An analysis of G matrix variation in two closely related cricket species, Gryllus firmus and G. pennsylvanicus

Authors


MattieuBégin, Department of Biology, McGill University, 1205 Dr Penfield Avenue, Montréal, Québec, H3A 1B1, Canada. Tel.: +1 514 398 4949; fax: +1 514 398 5069; e-mail: mbegin1@po-box.mcgill.ca

Abstract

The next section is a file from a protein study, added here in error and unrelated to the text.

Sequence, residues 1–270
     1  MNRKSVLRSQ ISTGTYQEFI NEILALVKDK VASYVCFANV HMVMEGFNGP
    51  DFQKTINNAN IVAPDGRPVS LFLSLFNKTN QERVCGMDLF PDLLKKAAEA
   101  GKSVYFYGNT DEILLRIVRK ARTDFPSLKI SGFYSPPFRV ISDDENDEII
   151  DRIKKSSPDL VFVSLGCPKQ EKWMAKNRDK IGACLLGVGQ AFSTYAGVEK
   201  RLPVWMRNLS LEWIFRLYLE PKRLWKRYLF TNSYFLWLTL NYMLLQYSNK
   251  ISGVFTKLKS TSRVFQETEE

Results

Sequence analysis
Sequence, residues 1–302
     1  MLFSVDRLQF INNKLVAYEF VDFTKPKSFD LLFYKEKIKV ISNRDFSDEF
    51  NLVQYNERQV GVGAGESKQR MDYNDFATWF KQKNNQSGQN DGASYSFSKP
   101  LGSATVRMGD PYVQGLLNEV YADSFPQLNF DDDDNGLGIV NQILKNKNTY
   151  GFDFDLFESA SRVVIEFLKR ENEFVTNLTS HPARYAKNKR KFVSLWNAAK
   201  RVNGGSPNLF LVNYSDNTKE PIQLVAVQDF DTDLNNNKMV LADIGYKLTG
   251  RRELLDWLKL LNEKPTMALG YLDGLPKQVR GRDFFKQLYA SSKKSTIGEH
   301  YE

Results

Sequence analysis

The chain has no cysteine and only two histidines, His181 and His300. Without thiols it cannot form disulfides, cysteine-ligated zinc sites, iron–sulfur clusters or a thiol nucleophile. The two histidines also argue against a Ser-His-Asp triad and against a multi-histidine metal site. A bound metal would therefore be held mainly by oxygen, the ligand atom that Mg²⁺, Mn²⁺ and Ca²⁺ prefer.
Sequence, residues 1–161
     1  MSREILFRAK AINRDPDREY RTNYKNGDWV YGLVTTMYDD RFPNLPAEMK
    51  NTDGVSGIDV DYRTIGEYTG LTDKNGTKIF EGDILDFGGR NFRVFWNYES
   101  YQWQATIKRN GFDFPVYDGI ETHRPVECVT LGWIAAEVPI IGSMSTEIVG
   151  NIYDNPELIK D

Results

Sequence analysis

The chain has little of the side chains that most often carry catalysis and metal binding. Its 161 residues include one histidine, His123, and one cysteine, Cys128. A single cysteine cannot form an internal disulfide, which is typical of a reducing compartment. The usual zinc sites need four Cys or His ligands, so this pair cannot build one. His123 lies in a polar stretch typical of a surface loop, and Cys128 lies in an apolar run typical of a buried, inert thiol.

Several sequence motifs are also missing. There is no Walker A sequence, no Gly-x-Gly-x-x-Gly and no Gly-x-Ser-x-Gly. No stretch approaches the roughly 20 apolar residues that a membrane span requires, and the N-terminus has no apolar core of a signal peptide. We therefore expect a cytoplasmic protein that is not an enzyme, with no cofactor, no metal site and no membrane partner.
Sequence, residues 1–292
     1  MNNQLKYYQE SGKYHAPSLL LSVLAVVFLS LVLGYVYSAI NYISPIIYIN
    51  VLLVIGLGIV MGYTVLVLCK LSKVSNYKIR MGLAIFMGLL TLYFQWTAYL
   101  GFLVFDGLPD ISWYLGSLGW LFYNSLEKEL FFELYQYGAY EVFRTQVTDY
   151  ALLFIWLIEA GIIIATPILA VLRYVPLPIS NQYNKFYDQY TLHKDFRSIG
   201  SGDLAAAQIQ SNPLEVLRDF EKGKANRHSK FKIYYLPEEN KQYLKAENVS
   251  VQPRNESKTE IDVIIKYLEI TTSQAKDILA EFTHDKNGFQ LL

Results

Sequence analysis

An important issue in evolutionary biology is understanding the pattern of G matrix variation in natural populations. We estimated four G matrices based on the morphological traits of two cricket species, Gryllus firmus and G. pennsylvanicus, each reared in two environments. We used three matrix comparison approaches, including the Flury hierarchy, to improve our ability to perceive all aspects of matrix variation. Our results demonstrate that different methods perceive different aspects of the matrices, which suggests that, until more is known about these methods, future studies should use several different statistical approaches. We also found that the differences in G matrices within a species can be larger than the differences between species. We conclude that the expression of the genetic architecture can vary with the environment and that future studies should compare G matrices across several environments. We also conclude that G matrices can be conserved at the level of closely related species.

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